I was reading this article on ZFS ("6 Reasons Why ZFS is the Most Astonishing File System Ever Made") and that had me intrigued and got me to pull the trigger. Will revisit in the future for sure. Thanks again.
              Just think, that was from 2013. Since then they've added better compression, multitudes of performance and bug fixes, and a lot more.

              It really sucks that Ubuntu is basically the only ZFS distribution around. Like everything else Ubuntu does, they do it their own way. In this case it's the use of Zsys. Instead of doing things manually you have a layer doing things to ensure the boot environment, root environment, kernel, etc all line up whenever you do an apt transaction...which has pros and cons. It's like, while Zsys is handy in that regard, you're basically learning to use Ubuntu-isms and not necessarily ZFS-isms; that a lot of the information you'll find elsewhere may or may not apply since you had a layer doing that for you and you'll be half debugging why the layer messed up and then maybe why ZFS/dkms/GRUB/etc may have messed up. It'd be nice if other's picked up Zsys or if Ubuntu could get OpenZFS to accept it as an official ZFS management tool to encourage others to use it.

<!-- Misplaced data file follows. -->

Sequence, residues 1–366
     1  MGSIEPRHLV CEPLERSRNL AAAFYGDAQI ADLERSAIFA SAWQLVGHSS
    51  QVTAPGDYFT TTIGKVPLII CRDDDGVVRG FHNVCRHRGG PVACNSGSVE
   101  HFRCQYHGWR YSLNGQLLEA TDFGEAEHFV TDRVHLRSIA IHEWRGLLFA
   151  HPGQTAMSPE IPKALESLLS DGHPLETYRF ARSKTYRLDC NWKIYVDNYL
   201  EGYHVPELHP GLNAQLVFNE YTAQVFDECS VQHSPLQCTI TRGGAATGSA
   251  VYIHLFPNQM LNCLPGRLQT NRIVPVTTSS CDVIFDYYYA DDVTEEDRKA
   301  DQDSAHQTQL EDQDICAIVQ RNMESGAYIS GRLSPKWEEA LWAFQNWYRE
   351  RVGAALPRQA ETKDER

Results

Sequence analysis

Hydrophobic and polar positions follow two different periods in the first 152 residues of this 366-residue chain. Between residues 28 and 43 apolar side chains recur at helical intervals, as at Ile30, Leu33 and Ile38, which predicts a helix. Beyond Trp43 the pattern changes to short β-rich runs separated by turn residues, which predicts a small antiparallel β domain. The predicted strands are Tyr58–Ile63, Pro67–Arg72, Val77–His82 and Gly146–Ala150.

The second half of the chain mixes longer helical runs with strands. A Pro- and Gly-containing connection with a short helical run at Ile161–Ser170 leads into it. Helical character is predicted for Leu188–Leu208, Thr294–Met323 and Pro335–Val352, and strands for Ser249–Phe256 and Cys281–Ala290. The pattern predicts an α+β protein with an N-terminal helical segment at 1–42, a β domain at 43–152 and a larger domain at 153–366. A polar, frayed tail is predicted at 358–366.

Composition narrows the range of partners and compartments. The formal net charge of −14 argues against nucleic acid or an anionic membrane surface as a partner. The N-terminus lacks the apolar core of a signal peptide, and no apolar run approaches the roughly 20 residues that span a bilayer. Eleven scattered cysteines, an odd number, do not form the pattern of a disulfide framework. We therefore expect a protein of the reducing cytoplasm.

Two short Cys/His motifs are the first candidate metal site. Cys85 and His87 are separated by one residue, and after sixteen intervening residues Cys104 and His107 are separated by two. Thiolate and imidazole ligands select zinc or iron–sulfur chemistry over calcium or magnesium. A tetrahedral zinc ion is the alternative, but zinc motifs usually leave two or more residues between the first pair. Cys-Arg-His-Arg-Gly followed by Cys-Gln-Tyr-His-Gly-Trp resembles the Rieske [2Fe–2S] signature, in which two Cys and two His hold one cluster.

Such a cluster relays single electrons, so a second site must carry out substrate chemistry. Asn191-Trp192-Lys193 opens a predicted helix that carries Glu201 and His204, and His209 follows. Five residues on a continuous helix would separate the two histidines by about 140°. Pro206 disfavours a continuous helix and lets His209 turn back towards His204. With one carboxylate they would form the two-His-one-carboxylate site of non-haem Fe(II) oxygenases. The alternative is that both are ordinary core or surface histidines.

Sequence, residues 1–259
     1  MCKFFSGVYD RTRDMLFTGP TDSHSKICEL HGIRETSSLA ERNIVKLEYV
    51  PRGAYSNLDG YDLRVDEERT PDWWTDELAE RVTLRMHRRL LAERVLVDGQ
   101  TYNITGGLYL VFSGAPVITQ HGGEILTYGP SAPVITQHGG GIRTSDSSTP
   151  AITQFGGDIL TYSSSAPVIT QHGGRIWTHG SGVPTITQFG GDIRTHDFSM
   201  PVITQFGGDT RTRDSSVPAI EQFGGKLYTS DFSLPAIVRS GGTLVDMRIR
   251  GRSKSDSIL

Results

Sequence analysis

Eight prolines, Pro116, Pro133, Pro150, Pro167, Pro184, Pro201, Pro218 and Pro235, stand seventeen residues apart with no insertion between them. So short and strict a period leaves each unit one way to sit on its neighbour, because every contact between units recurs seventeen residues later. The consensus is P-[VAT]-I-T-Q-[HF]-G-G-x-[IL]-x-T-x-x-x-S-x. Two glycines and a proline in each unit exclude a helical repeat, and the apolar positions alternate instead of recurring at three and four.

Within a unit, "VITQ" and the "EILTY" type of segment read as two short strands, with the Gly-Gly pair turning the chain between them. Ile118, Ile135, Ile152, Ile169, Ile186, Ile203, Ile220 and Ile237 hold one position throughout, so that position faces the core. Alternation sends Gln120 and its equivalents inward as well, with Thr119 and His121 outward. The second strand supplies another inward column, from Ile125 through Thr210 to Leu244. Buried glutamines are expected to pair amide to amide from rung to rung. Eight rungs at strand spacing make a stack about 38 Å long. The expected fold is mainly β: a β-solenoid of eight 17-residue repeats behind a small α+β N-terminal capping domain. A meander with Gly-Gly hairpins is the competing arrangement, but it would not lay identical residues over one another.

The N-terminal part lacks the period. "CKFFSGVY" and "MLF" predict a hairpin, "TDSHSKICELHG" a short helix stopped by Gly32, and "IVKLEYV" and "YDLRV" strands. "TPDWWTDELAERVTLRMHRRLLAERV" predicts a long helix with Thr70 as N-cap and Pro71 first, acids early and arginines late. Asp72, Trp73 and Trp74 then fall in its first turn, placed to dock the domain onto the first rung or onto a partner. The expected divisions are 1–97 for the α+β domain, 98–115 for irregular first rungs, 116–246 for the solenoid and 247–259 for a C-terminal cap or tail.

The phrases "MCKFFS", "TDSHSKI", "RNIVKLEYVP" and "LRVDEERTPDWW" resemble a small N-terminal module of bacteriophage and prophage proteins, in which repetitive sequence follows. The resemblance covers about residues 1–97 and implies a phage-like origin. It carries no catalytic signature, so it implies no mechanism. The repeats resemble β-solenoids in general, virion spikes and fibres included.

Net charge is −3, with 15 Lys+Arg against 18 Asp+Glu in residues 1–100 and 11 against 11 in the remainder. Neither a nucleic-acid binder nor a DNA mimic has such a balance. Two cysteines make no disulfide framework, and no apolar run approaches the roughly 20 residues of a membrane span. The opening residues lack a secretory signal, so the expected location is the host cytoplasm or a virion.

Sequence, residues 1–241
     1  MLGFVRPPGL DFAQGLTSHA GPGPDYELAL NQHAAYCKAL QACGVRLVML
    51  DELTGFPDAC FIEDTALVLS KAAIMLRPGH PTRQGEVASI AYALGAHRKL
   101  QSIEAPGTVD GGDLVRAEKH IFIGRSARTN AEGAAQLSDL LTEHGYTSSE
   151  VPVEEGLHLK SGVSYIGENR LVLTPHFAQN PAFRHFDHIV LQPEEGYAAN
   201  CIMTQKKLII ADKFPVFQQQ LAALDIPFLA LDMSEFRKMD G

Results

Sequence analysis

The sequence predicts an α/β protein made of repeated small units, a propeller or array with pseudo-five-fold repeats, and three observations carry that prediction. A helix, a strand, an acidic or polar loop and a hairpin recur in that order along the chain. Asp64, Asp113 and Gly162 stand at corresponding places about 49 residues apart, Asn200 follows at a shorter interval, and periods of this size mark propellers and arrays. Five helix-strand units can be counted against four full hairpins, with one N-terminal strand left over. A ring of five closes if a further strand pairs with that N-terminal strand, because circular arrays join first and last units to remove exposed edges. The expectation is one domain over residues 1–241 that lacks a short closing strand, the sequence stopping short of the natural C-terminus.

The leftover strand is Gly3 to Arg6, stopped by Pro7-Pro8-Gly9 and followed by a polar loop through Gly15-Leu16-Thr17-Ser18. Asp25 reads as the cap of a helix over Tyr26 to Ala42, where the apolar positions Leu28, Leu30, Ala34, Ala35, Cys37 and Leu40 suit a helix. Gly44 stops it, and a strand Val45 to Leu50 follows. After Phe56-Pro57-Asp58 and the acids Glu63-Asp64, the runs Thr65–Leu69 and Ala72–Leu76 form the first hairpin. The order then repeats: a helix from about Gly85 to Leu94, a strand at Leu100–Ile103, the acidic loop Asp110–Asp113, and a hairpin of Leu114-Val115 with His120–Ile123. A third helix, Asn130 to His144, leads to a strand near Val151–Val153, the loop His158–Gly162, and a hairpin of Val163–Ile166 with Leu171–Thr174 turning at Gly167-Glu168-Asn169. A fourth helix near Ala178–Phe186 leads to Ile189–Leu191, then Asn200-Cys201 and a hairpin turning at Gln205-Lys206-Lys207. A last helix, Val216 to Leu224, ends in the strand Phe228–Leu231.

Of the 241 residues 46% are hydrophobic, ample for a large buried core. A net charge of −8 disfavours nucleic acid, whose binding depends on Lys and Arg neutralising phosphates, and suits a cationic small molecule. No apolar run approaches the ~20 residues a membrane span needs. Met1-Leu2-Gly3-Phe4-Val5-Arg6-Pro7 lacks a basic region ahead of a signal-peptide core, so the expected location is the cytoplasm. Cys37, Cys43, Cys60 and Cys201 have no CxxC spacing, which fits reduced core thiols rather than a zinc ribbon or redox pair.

ZFS on Ubuntu is similar to BTRFS on SUSE. Both have layers in between you and filesystem. Snapper and Zsys. You don't actually learn how any of that works because they do it all for you so when something goes wrong you may not know why and you may not even know where to start if you've never messed with any of that in an in-depth level.

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              • #8
                skeevy420 thank you for clearing that up. I found Zsys extremely annoying. You're right, I don't think I liked the bastardized version of Ubuntu's zfs, but then again, if they never automated and included it, I wouldn't have likely taken the effort to try it. It's probably good for a beginner until they get to your level.

                I agree, that was from 2013, it's probably kicking ass today. Will definitely mess around more with it on the side. I'm intrigued.